Since having this surgery done, I have become addicted to The Gore and have done a lot of research into how other women have and do cope with endo and hysterectomies. Solutions to endo are pretty much the same as they were when I had my hysterectomy, but far fewer hysterectomies are being done--and more people are frowning on the solution. While it IS an extreme solution to a problem that may not be life-threatening, that doesn't seem to be the reason so many are against the practice. I guess a lot of women feel 'castrated' and less of a woman once a hysterectomy has been done. They seem to define themselves by how many lady parts they have. This is a mind set that I cannot understand. I'm not condemning anyone who feels this way, it just doesn't make sense to me. A couple of months after my surgery, when I was feeling better than I had felt at any point in my life, I told someone that I would have had the surgery done ten years earlier if it wouldn't have meant not having The Youngest. I cannot imagine my life if I wouldn't have done the surgery--and I don't feel any less of a woman because I have no uterus or ovaries. Yes, I've had to take a pill every day since the surgery, but as I get older, pills are just a way of life for me--as is the case with a lot of older people. The HRT hasn't been a factor in any health issues I have and, despite what some reports MIGHT indicate, I feel as if it has helped me. Given the chance again, I would choose to have a hysterectomy in a heartbeat--it was the best decision I ever made for my health.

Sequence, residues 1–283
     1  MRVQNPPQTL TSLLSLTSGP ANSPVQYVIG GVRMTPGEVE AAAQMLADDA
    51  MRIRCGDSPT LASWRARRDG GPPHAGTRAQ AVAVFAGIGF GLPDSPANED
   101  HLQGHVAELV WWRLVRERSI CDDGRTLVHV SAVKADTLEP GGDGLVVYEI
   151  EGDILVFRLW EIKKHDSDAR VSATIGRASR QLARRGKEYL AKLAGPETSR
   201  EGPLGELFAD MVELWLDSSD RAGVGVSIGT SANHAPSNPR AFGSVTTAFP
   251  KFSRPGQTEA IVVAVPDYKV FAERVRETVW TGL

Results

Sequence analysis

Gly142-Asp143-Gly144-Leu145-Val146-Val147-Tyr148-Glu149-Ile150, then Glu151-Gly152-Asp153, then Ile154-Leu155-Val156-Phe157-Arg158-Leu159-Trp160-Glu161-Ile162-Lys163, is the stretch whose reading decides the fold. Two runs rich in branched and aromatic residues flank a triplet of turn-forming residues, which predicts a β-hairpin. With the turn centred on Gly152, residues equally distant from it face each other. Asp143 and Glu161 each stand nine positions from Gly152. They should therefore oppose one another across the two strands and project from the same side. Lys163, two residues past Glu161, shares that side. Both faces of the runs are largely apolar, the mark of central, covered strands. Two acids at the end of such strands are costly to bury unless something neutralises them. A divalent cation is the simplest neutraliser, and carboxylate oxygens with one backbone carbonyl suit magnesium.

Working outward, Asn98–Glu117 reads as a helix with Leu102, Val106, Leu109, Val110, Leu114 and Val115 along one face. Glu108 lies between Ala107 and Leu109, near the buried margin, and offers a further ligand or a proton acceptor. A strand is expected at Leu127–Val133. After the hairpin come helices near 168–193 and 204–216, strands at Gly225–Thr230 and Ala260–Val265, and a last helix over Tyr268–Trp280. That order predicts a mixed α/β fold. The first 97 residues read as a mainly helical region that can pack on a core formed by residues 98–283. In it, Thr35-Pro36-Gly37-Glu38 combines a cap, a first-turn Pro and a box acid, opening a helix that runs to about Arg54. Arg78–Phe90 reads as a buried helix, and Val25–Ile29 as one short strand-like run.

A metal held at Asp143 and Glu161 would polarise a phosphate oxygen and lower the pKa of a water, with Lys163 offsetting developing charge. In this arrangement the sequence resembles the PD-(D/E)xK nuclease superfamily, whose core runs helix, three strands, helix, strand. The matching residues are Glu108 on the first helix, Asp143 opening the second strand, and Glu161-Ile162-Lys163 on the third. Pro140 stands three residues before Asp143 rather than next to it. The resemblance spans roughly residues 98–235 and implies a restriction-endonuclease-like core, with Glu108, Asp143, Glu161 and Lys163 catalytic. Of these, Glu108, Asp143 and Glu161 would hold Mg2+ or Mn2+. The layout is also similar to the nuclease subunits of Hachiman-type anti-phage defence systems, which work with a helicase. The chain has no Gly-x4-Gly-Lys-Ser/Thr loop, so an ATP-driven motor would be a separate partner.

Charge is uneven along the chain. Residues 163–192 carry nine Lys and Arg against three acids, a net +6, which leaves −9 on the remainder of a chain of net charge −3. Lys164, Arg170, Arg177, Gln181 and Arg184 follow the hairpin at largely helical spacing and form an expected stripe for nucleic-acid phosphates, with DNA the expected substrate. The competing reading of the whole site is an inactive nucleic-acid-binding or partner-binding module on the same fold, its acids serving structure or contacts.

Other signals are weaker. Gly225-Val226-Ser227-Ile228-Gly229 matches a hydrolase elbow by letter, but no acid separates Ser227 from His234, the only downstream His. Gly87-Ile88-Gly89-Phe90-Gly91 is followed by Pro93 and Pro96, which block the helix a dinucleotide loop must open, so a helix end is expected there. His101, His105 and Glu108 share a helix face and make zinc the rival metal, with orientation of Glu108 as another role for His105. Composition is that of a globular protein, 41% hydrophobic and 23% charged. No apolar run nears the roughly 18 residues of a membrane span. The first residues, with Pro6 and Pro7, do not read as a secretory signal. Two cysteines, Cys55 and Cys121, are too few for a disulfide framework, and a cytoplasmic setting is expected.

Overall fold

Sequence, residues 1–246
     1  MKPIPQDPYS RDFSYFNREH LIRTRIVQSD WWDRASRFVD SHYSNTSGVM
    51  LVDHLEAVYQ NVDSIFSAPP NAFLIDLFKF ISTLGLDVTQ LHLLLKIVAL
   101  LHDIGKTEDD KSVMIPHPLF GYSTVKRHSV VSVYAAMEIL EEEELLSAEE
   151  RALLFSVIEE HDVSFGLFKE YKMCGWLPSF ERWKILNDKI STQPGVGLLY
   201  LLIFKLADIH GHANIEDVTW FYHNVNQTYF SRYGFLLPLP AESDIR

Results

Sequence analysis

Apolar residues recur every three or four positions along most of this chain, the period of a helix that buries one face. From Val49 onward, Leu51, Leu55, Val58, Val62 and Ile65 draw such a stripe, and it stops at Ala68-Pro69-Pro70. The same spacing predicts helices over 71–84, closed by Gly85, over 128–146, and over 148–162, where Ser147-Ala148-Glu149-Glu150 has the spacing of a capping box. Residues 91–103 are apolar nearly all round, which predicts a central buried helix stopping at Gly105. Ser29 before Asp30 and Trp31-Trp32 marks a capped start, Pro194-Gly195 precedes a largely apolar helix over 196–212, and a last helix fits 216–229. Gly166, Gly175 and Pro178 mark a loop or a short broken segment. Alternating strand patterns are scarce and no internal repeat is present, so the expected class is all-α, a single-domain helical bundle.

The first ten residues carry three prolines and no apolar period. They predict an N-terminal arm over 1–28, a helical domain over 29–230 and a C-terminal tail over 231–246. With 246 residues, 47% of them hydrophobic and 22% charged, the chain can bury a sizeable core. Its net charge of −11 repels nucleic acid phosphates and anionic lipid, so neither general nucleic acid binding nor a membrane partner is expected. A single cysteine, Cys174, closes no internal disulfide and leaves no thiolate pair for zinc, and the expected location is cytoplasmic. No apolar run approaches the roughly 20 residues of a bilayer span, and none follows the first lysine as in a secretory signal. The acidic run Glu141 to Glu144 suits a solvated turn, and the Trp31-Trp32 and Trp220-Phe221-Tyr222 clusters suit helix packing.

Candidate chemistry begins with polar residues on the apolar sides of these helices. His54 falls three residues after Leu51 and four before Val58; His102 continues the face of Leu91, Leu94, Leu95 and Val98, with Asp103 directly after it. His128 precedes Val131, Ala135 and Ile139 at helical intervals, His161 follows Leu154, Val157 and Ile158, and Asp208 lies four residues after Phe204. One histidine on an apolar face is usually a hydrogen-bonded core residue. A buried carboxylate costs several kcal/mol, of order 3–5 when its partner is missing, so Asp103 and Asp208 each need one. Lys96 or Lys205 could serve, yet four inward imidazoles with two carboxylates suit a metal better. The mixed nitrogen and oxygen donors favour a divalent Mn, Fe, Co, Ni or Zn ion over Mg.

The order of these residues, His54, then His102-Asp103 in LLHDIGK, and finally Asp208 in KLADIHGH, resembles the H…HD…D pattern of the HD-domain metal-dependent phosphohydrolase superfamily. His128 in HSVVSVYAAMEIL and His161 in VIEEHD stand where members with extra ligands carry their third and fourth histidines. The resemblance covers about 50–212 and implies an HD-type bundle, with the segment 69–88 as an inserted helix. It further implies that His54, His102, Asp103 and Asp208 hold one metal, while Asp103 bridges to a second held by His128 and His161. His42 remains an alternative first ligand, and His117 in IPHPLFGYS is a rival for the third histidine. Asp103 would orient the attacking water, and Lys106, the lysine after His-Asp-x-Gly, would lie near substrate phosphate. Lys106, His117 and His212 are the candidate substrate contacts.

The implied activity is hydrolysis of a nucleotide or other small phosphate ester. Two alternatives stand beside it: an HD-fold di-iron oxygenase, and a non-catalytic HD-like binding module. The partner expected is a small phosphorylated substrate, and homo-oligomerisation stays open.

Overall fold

I do hope that every woman faced with having to make the decision of whether to have a hysterectomy or not would do a lot of research and get both sides of the story. Too many people are condemning hysterectomies as too extreme--even likening them to misogyny on the part of male doctors. While I don't believe that, to each his--or her--own. I just beg any woman to do a great amount of research before making any decisions, don't buy into any 'politically correct' ideas just because, and make up your own mind without being influenced by others. It is YOUR body and YOU have to live with it. And if God created you a woman, just because some of your lady parts are gone, that doesn't change who, or what, you are.
*A couple of years ago I needed to have follow-up mams and ultrasounds of my right breast. There was a cyst--which they had been tracking for several years--that was larger than it had been and they wanted to make sure nothing was going to come of it. By the time I had my follow-up, the cyst had gone back to the size it had been and there was no need for any more action, other than some extra mams to make sure everything was status quo. I have had no more scares since.